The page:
But, wait! There’s more! There are times when you should SERIOUSLY NOT do dry farming. If your soil is shallow and sandy, just don’t do it. It won’t hold the water and the ground will be bone dry, so the plants cannot survive.
Dry farming from your homestead
Absorb and Protect Moisture
Conservation is key. “Protect” every drop of water in your soil. There are some ways to do this. First of all, fallow rotation is a common practice where one crop is grown on two seasons worth or precipitation which leaves crop residue and stubble….almost like a small fence of plants that block off the runoff.
Terracing is another good option for smaller land where farmers basically shape the land to slow water runoff downhill. They typically do this by plowing along contours and grooves. Moisture will be conserved by getting rid of leaves and leaving crop residue behind to shade the soil.
Use the Moisture Wisely
Moisture in dry farming is precious. As soon as it’s available, use it wisely. This means seed planting depth and timing are very important. You want to make sure you plant deep enough that the seeds can reach the moisture or get moisture when you get the seasonal precipitation. To make sure you do get a crop, it’s best to use drought and heat-stress tolerant seeds.
Conserve the Soil
Erosion is a big problem with dry farming. Wind erosion, in particular. Then you run into the issue of conserving topsoil or tilling for moisture. Healthy topsoil is extremely important to successful dry farming, so tilling is a no-go. In fact, topsoil preservation is the most important element of dry farming. So, use erosion control techniques. These include windbreaks, no tillage, spreading straw, and strip farming.
Careful with the Input Costs
There’s a good chance your dry crops won’t work out. It’s a high-risk practice. This can be super expensive for farmers. So, as a dry farmer, you really need to sit down and consider what is really needed and what isn’t. This means cutting out fertilizer and weed control if you’re going to get a poor yield because of little moisture. However, if you feel there is sufficient moisture, go ahead and spend that extra money on fertilizer and weed control. It’s a gamble, but you want to make the best choice.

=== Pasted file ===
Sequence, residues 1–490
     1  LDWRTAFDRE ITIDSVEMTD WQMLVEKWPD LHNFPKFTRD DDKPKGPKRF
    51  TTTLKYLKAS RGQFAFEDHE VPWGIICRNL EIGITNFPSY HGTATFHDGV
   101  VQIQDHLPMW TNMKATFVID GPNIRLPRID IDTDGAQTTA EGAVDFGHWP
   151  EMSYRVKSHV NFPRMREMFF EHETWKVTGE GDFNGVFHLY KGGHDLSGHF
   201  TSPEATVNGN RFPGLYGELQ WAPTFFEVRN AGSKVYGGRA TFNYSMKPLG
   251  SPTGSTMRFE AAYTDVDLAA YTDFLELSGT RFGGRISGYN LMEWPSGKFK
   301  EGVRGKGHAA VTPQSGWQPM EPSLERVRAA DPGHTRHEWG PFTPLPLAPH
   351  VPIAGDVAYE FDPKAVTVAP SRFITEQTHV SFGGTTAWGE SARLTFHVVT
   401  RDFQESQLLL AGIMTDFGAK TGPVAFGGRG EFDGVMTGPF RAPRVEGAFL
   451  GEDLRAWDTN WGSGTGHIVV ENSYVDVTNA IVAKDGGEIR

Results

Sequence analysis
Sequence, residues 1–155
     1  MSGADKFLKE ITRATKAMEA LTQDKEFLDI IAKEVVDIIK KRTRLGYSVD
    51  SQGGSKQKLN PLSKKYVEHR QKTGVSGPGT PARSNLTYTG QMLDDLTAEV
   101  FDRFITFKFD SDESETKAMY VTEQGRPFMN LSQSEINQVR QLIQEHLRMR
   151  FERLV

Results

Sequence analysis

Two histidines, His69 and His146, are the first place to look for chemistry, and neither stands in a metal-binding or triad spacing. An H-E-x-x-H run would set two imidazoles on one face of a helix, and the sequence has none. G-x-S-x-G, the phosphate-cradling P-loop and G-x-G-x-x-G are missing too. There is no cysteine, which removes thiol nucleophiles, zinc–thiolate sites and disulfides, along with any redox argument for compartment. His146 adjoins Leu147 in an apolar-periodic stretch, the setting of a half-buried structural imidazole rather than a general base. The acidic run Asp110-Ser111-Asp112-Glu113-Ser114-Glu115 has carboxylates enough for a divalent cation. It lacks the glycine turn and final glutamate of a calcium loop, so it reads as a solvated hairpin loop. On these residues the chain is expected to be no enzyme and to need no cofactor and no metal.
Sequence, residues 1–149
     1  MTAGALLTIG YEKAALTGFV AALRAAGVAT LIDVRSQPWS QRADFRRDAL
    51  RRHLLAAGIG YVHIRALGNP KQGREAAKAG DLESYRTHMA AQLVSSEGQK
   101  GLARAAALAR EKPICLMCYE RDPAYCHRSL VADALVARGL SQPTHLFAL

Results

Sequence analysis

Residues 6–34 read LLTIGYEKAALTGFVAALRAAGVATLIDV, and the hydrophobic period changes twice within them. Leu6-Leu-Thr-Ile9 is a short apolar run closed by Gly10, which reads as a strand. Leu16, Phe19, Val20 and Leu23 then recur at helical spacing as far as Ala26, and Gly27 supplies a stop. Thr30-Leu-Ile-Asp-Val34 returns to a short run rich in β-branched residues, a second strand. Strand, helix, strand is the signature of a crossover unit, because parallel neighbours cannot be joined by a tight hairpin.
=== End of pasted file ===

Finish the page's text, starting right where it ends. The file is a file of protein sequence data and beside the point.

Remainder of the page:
Dry farming provides evidence that you can farm anywhere. You can grow crops literally anywhere because they’re tolerant. They adapt. If you give them what they need to survive, they’ll grow. Just understand the risks and benefits and give it a shot if it’ll fit your climate. Don’t let the weather hold you back!
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Lindsey Hyland grew up in Arizona where she attended University of Arizona’s Controlled Environment Agriculture. She has supplemented her formal education by working on various organic farms, including spending a semester abroad in India.
Growing and/or raising just about anything gets her excited. She is especially passionate about environmental justice and low-tech, sustainable ways to better run small-scale farms and homesteads. Lindsey started Urban Organic Yield to discuss gardening tips and tactics.